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ffffThe Issue of Fair Wages for Workers with Disabilities

Section 14(c) of the Fair Labor Standards Act of 1938 (FLSA) allows entities holding what are called “special wage certificates” to pay their disabled workers less than the federal minimum wage.

These entities are almost always segregated workplaces, sometimes called “sheltered workshops,” that employ workers with various disabilities, including sensory, physical, and cognitive or developmental disabilities. Federal law requires that certain goods and services procured by the federal government be purchased from these sheltered workshops in order to provide workers with disabilities with employment, but these workers do not have the same protections that other American workers have. Most importantly, over 300,000 workers with disabilities do not receive the federal minimum wage.

People with disabilities have the right and ability to work in the same jobs earning the same wages as nondisabled workers.  There are many examples of individuals with significant disabilities who, when provided the proper training and support, have acquired a competitive job skill to earn at least minimum wage.  Very few, if any, disabled or nondisabled individuals acquire a competitive job skill through performing menial tasks in sheltered, segregated, subminimum-wage work environments.  We must set higher expectations and provide real training and support for all people to become fully participating members of society.

Although in recent times some sheltered workshops have begun to pay disabled workers the minimum wage or higher, other shops still claim that they would be unable to continue their operations and would have to fire their workers with disabilities if forced to pay the minimum wage.  This claim is demonstrably false. In addition to the revenue generated from the labor of the worker, these entities are primarily non-profit organizations that receive very lucrative federal contracts.  Even those workshops that are paying workers competitive wages should not have trouble maintaining their operations while remaining quite profitable; indeed, many are already maintaining successful business operations while paying competitive wages.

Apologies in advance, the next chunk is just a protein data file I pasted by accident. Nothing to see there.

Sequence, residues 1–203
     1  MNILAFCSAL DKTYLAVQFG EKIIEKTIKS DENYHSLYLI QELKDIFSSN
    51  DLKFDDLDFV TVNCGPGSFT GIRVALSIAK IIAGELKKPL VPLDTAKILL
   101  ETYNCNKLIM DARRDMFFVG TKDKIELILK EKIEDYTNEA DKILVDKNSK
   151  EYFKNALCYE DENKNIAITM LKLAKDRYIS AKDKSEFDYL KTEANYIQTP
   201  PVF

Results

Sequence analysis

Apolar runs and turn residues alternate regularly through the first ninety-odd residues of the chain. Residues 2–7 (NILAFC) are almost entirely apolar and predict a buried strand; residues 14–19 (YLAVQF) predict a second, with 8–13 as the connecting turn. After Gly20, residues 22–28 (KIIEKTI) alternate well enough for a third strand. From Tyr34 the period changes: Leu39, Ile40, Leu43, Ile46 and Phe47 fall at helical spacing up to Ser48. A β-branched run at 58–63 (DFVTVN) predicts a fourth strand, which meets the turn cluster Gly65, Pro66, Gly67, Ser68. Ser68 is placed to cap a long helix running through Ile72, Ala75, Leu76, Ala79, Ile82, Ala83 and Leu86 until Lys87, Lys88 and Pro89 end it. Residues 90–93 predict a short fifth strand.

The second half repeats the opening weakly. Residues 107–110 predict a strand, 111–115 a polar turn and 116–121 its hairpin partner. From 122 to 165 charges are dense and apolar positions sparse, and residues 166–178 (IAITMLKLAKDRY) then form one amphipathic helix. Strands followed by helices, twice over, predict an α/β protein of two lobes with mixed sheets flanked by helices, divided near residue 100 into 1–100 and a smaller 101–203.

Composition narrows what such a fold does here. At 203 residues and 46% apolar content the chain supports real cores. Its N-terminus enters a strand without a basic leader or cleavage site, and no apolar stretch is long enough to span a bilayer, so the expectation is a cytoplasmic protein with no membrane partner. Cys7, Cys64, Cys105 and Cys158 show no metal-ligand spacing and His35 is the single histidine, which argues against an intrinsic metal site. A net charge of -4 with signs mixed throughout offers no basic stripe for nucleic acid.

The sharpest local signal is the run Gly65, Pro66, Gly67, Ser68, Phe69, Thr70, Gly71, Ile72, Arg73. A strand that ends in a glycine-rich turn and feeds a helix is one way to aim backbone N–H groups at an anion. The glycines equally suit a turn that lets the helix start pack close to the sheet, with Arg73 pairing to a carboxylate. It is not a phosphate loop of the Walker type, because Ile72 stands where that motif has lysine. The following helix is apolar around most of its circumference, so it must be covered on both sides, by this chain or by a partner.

The Fair Wages for Workers with Disabilities Act of 2013 (H.R. 831) has been introduced by Congressman Gregg Harper. The bill, if passed, would repeal Section 14(c) of the Fair Labor Standards Act and phase out the discriminatory practice of paying disabled workers less than the federal minimum wage. For more information on this critical legislation, please read the official press release on its introduction.

Frequently Asked Questions

To learn more about the issue and the Fair Wages for Workers with Disabilities Act of 2013, please read our frequently asked questions document.

Frequently Asked Questions (Word)

Goodwill Informational Protests

On Saturday, August 25, 2012, the NFB and its affiliates and chapters conducted over ninety informational protests of Goodwill thrift store locations across the country.

The purpose of the protests was to promote public awareness of the unfair, discriminatory, and immoral practice of paying subminimum wages to workers with disabilities.  Goodwill is a household name, but most households do not realize that Goodwill is one of the many employers that pay less than the federal minimum wage to their workers with disabilities.  In order to effect change in this policy, we are urging people not to shop at thrift stores affiliated with Goodwill Industries, International and/or donate goods to Goodwill until they adopt a policy for each of their affiliates to pay at least the federal minimum wage to all of their workers with disabilities.
Some Goodwill-affiliated agencies pay their workers with disabilities at least the federal minimum wage, but 64 of the 165 Goodwill-affiliated agencies choose to limit the vocational potential of their workers with disabilities by paying them pennies per hour.  The Goodwill affiliates that value their employees with disabilities by paying at least the federal minimum wage are setting an example for the others to follow, and they can provide the technical assistance necessary for the others to adopt a similar business model that pays a competitive wage to every employee.  As a result, Goodwill is in a better position than most to assist in bringing this discriminatory practice to an end.
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